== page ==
Tranquility Bay is not of this world.  Even though the temperature hovers over 85F degrees all day, the onshore sea breeze keeps the grounds fresh and comfortable.  There are animals everywhere.  A horse grazing in the lawn, two parrots sitting on top of their cage, two toucans begging for food in the awnings, and several dogs keeping watch.  Best of all is Chimmy the monkey.  My first experience with Chimmy he crawled up to the side of the roof, slung himself down to my level hanging from his tail, and felt my face up and down with his baby sized hands.  He grabbed a lock of my hair and gave it a sniff.  At that he hopped on my shoulder with his tail around my neck letting me pet him.  It’s not often that an animal comes up and examines me with five fingers and perplexed eyes.  It was an eerie role reversal.  I stood perfectly still while he went through his motions checking me out.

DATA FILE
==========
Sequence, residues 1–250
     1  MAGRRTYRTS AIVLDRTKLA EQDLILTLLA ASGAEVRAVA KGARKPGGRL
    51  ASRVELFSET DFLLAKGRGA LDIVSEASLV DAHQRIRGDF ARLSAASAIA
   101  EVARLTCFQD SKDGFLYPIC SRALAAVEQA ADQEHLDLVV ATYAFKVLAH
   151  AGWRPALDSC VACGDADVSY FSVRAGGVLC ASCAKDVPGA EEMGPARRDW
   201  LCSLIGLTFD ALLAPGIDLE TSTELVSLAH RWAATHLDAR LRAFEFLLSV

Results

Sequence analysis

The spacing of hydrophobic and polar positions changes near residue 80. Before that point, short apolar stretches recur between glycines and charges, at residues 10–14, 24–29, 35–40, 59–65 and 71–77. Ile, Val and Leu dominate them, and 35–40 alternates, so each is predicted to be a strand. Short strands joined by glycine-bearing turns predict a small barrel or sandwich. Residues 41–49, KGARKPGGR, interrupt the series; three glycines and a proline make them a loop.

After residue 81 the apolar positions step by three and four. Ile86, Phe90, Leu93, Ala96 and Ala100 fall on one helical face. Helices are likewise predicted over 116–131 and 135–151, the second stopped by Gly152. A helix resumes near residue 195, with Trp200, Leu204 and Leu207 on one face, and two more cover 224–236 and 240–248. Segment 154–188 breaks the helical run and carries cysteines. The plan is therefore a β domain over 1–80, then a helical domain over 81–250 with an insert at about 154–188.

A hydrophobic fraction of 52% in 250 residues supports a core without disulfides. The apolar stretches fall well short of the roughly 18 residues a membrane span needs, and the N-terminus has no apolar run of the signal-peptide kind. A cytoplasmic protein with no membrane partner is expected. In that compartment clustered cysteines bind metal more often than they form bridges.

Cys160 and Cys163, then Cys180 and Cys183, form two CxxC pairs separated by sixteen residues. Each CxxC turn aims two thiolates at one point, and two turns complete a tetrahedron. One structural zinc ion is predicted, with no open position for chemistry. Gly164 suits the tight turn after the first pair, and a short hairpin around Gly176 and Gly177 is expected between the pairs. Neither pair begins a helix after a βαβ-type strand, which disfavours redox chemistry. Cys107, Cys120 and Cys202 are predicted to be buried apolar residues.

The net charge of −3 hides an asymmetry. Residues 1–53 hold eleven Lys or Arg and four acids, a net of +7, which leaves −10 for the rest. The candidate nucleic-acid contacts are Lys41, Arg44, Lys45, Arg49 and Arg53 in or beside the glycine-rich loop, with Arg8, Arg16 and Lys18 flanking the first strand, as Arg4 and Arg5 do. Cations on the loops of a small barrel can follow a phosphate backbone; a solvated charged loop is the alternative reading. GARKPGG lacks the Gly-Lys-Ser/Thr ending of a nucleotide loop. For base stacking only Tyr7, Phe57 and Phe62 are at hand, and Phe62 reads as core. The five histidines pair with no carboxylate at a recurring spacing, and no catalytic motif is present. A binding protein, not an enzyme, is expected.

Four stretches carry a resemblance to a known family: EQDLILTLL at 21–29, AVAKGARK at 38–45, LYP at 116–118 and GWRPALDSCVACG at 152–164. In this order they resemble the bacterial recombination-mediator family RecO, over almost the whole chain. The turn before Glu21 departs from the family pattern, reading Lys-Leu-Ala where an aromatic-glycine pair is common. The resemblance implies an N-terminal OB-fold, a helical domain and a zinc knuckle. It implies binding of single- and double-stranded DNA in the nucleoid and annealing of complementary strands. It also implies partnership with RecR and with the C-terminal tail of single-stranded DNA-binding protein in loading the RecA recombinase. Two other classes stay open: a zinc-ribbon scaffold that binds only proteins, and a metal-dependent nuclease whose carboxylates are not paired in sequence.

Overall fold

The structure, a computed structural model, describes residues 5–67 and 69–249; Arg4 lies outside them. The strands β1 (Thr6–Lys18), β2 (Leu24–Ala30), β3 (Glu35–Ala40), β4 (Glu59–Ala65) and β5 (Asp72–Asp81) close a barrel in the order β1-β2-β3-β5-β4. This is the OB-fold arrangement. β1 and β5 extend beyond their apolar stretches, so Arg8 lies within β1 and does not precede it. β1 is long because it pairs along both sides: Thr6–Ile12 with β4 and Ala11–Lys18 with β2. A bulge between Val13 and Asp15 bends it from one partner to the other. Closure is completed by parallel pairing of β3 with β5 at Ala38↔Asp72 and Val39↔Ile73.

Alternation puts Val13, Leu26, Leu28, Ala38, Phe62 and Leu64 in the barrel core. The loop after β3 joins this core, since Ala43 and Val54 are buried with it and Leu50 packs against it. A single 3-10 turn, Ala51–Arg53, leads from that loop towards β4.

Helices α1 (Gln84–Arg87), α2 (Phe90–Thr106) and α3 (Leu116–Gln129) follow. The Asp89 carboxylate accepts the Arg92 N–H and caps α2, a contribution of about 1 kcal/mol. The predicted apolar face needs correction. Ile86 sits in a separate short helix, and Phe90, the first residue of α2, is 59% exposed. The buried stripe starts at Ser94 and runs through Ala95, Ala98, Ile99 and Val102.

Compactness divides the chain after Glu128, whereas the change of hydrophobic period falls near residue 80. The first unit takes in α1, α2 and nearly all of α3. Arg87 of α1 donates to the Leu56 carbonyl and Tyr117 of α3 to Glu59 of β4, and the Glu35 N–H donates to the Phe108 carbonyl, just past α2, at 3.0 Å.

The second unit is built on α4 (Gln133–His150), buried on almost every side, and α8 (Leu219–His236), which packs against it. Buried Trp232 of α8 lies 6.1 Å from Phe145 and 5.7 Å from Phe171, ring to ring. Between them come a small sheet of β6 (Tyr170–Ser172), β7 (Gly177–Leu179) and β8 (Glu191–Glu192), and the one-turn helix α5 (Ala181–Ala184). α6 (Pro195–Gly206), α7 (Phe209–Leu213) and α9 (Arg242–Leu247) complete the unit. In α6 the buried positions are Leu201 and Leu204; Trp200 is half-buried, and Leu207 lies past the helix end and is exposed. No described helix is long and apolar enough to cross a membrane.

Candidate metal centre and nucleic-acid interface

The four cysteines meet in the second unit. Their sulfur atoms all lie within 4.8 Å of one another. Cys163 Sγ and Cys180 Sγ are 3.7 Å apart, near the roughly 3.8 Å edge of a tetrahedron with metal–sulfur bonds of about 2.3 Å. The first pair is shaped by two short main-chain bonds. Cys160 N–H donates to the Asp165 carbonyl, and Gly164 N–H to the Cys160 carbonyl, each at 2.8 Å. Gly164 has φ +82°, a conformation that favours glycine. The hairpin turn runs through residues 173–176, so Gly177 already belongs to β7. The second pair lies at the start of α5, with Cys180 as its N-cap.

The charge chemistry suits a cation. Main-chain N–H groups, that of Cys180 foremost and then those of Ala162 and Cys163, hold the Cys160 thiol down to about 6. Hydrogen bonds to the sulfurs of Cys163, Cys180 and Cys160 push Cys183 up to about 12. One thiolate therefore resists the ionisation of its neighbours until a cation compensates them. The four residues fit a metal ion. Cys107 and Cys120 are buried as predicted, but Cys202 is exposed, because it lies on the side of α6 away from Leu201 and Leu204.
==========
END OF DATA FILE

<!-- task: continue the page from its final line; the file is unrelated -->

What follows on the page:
Linda adopted Chimmy two years ago as a baby when the couple bought Tranquility Bay.  He has since grown up on the grounds and obviously has no clue his own species.  The little monkey runs around playing with the dogs, zips from tree to tree eating mangos, and then hops on my head to see what’s new.  He’s quite a wild pet and the tail as a fifth appendage really makes for an interesting time handling him.  He’s also a rascal.  Every time I look around he’s trying to dismantle some lawn ornament.  The house monkey really adds to the effect here.


Today is my third day at Tranquility Bay and I couldn’t be enjoying myself more.  Yesterday we got permission to use Chad’s gear to hit the wind.  We rigged two sails and grabbed two boards and then I waited for the wind.  Usually the wind comes up around noon, but yesterday the rain started falling around 10:30am.  The early wind died and it didn’t start coming back until much later.  By 1:00pm I couldn’t wait any longer and went out with the big, low wind rig.